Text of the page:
The more outputs you have, the more you can record from various sources simultaneously. Additional outputs also allow you to create various monitor mixes for different musicians in a session. You can also incorporate more outbound gear into your work.
The number of outputs that’s right for you depends on the number of channels you plan to monitor at the same time. Engineers who work for and record bands often need around 16 inputs at least. Songwriting teams often make do with about 4 to 8, while solo musicians are fine with 2-4.
4. Input Channel types
Input channels refer to the kind of things that you can plug into your audio interface. For instance, you’ll usually have a microphone input, so you can record vocals straight into your DAW. There’s also a line output on most audio interfaces, which allows for the addition of things like an outboard mic preamp. Optical outputs on an audio interface is a kind of digital input that requires you to use both an outboard mic preamp and digital converter with the optical out options. Once again, the right option for you will depend on the kind of music you want to produce.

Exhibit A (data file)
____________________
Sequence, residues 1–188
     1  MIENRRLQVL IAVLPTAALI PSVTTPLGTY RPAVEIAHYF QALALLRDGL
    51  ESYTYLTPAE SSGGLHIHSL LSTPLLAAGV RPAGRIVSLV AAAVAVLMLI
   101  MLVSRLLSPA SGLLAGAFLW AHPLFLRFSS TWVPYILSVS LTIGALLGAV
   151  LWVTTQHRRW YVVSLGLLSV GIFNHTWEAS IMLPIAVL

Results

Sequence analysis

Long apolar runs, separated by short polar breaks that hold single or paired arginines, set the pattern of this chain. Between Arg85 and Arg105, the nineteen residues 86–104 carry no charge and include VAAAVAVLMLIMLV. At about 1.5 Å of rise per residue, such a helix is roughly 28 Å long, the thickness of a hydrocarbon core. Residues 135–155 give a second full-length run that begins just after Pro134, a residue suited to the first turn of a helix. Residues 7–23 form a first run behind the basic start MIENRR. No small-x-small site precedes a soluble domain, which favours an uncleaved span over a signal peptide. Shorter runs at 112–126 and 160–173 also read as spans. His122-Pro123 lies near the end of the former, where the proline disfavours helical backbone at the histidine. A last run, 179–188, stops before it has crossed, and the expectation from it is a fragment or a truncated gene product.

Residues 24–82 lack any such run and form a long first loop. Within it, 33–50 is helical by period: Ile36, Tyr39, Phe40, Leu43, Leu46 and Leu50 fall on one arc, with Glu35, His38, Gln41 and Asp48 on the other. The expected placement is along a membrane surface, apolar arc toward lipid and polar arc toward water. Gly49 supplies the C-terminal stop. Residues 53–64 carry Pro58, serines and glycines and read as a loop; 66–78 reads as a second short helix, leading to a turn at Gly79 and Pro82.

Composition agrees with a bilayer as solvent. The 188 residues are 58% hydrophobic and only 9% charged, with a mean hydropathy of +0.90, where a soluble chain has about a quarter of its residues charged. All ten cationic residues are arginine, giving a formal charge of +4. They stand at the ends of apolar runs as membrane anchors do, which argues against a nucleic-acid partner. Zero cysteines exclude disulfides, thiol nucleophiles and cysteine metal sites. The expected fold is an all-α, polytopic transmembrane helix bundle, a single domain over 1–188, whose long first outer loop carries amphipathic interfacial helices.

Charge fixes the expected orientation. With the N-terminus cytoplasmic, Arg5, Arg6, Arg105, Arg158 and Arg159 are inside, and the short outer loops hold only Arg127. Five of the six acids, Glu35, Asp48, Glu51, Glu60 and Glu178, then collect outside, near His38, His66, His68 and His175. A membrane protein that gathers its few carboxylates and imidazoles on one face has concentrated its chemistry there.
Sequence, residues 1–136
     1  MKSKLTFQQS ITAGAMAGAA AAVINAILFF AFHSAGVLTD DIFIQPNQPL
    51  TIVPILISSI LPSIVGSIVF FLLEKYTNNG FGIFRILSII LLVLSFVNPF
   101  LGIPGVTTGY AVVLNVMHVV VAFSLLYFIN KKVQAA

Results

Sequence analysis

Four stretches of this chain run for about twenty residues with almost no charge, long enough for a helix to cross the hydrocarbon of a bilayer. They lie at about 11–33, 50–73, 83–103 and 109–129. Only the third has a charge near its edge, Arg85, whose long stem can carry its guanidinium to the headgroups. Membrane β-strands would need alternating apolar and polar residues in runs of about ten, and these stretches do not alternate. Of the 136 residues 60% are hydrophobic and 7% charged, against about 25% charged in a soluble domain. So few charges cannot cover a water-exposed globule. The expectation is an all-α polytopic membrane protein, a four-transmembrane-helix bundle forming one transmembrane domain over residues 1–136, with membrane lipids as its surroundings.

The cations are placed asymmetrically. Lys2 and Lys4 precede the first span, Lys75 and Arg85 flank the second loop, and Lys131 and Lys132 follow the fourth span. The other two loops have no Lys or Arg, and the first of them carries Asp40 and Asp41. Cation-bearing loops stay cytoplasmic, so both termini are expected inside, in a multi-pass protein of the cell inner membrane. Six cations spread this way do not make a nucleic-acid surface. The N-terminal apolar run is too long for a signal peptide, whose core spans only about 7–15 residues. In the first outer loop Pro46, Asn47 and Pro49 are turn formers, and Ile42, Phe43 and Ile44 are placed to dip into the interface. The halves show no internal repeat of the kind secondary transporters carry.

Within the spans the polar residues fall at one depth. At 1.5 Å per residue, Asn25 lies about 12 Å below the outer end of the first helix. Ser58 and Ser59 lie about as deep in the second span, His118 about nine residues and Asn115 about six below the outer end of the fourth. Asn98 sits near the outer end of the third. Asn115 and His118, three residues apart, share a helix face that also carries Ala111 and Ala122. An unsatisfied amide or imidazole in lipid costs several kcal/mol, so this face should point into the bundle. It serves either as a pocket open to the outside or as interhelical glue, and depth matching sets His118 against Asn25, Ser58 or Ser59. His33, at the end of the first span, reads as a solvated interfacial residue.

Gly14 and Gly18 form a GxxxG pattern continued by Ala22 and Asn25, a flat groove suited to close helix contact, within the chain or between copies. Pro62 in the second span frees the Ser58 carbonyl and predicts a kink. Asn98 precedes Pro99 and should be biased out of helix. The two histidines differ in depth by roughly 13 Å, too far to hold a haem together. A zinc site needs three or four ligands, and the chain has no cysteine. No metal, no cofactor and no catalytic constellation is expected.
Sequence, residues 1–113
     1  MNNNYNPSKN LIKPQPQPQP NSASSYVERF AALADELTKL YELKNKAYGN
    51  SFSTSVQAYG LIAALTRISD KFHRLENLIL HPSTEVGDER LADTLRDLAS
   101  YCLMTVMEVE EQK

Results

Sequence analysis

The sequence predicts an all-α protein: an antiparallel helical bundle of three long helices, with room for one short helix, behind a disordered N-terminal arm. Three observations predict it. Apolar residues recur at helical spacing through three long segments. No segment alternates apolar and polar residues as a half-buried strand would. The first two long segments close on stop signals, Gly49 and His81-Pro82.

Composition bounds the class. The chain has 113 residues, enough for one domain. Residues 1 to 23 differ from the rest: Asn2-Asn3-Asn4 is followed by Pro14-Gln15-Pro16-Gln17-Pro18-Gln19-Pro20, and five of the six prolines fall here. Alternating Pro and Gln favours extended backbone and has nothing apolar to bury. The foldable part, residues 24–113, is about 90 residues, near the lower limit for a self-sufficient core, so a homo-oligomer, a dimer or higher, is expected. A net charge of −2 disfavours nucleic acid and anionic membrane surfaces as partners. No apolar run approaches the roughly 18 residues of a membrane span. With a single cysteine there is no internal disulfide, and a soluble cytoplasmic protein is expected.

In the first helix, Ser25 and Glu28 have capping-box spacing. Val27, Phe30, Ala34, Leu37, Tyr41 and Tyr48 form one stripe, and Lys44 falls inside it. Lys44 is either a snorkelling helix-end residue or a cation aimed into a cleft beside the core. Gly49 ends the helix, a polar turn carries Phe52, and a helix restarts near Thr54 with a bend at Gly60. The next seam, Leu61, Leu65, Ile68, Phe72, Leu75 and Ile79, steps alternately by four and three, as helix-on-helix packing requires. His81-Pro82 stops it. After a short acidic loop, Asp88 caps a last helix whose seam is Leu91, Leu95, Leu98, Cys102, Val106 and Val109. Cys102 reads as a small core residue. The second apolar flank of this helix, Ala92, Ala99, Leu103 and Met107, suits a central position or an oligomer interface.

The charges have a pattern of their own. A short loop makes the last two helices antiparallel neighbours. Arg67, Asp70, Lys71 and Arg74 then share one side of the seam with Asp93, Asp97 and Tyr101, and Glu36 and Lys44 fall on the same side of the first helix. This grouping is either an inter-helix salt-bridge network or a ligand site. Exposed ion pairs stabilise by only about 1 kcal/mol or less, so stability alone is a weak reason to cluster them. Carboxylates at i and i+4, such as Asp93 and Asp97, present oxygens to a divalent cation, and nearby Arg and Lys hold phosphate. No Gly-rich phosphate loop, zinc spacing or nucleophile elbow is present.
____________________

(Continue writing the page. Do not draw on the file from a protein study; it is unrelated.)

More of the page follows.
5. Form factor
Finally, the form factor aspect of your best audio interface simply refers to its size and shape. There are many different styles of technology out there, and each with their own pros and cons to consider. For instance, desktop interfaces are often a lot smaller, which means that they’re easier to transport. They often sit on the desk next to your computer.